Cornerstone Processing Solutions Inc. is dedicated to working with you to protect your customers and your operations from fraud and security breaches. Let us help assist you in becoming PCI and EMV compliant.
Payment Card Industry (PCI) compliance refers to a set of data security guidelines designed by the Payment Brands specifically to keep customers’ account data from being compromised. Since breaches are a serious problem and instances of theft continue to increase, it is imperative that businesses use standard security procedures and technologies to thwart theft of cardholder data. By being PCI compliant, you will help protect your business from breaches that can lead to significant fines, penalties, liability issues, a loss of productivity, and severe damage to business reputation.
EMV is a term coined by the original card associations that collaborated on the standards for “chip card” technology and stands for Europay, MasterCard, and Visa. An EMV card is essentially a small computer that is easily recognizable in the form of a “chip” you can see/feel on a credit/debit cards exterior. EMV cards utilize a payment security approach that adds dynamic data to the tranasaction stream that, unlike a magnetic stipe card, makes it very difficult to replicate the data, and in turn, helps eliminate fraudulent transactions.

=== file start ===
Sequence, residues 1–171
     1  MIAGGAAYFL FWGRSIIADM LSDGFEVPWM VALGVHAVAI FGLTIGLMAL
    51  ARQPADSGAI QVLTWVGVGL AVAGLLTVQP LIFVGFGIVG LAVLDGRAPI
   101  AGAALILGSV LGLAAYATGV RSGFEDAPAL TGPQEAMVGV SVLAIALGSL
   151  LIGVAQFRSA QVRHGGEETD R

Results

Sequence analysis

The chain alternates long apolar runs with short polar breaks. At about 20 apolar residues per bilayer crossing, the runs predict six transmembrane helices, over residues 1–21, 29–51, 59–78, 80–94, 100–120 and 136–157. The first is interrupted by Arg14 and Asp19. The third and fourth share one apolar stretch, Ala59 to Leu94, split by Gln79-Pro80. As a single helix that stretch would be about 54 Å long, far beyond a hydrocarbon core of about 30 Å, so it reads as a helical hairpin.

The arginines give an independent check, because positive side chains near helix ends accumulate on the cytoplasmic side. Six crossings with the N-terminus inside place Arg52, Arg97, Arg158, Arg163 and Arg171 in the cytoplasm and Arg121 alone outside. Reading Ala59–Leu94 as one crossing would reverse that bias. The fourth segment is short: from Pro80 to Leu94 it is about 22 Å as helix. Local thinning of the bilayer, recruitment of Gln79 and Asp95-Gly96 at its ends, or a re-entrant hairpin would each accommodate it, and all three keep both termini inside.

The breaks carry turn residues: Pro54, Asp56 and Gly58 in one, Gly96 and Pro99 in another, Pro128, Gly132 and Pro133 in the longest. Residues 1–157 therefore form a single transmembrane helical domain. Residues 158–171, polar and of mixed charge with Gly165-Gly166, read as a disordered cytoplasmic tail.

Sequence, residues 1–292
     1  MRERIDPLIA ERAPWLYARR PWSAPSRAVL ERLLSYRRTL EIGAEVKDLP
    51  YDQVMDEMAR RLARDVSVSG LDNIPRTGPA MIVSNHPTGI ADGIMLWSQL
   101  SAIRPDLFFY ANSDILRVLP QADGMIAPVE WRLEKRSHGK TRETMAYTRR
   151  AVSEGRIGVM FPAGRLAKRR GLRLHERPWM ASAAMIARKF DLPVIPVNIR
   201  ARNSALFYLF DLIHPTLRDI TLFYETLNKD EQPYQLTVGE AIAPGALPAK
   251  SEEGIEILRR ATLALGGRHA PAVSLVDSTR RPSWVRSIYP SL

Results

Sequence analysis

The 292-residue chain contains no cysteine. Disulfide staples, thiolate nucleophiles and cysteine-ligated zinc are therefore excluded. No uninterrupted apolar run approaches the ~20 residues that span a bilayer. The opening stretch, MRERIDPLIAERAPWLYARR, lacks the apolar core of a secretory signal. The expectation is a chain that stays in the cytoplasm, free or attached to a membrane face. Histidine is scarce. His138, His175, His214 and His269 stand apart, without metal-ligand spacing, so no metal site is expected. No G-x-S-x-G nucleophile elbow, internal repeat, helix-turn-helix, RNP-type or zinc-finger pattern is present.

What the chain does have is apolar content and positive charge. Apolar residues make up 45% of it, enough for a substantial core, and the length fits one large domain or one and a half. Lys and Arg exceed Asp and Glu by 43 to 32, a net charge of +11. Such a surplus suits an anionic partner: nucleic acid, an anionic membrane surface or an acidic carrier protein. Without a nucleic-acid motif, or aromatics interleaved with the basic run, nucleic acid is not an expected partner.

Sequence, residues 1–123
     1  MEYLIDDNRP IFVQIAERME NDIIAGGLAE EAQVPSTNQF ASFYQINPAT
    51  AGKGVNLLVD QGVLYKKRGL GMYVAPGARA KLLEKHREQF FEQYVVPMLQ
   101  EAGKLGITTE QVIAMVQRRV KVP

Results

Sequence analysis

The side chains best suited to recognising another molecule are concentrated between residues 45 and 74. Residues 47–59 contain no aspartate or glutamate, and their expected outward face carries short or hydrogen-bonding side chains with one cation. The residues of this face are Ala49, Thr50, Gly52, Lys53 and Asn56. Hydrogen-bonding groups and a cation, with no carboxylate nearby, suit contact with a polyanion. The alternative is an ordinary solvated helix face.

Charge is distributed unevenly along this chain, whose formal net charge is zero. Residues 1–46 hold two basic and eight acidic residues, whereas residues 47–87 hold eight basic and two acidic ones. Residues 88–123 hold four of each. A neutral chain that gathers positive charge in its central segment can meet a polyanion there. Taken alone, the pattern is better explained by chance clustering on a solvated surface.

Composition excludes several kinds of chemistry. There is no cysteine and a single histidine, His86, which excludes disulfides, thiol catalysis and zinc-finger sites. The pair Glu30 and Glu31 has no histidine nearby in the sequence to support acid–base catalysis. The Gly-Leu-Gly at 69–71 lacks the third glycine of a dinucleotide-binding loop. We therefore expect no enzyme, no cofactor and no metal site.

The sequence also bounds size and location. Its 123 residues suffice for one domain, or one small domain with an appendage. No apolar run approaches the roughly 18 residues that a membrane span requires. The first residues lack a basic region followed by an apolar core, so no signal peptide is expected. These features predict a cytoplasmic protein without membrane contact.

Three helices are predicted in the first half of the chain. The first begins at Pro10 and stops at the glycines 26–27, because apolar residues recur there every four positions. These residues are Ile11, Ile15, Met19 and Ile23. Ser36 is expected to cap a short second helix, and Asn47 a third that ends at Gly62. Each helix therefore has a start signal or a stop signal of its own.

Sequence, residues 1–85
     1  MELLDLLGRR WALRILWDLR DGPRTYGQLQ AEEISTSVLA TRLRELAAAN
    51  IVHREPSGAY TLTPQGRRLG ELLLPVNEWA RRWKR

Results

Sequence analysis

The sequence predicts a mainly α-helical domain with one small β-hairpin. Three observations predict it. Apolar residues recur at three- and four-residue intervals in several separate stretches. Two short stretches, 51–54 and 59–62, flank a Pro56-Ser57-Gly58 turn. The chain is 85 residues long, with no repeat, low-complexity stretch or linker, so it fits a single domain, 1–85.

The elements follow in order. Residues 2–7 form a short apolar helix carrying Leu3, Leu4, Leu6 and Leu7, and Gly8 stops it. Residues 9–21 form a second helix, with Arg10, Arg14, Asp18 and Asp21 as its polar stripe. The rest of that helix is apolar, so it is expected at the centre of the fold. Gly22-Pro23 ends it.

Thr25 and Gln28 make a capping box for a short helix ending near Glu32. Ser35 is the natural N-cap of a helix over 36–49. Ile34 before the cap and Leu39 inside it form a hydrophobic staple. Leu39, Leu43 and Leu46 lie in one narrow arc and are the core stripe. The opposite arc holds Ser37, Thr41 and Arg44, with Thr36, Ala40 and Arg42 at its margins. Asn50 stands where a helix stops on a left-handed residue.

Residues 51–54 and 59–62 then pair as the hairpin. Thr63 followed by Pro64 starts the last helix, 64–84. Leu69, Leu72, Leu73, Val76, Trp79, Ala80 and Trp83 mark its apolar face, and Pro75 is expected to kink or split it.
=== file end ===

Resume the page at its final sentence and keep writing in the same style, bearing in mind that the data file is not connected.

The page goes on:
When will you truly be affected by EMV?
April 1st, 2015: All processors and sub-processors must be able to process EMV transactions.
October 1st, 2015: Networks will shift liability to the lowest Non-EMV compliant entity (usually the merchant). All credit/debit card processing point of sale terminals will need to be 100% EMV compliant by this date.
October 1st, 2016: ATMs will need to be 100% EMV compliant by this date.
October 1st, 2017: Fuel Sale merchants will need to be 100% EMV compliant by this date.
One of the valuable techniques for safeguarding sensitive information, like credit card numbers is tokenization. Tokenization is the process of completely removing sensitive credit card data from a company’s internal networks and relacing it with a unique, meaningless token. Tokens are randomly generated and have no meaning, making them worthless to criminals if a company’s system would be breached. Using tokens doesn’t change a merchant’s payment processing experience. Just like credit cards, tokens can be used for customer sales, refunds, voids, and credits, only they are much safer for a merchant than actual credit cards.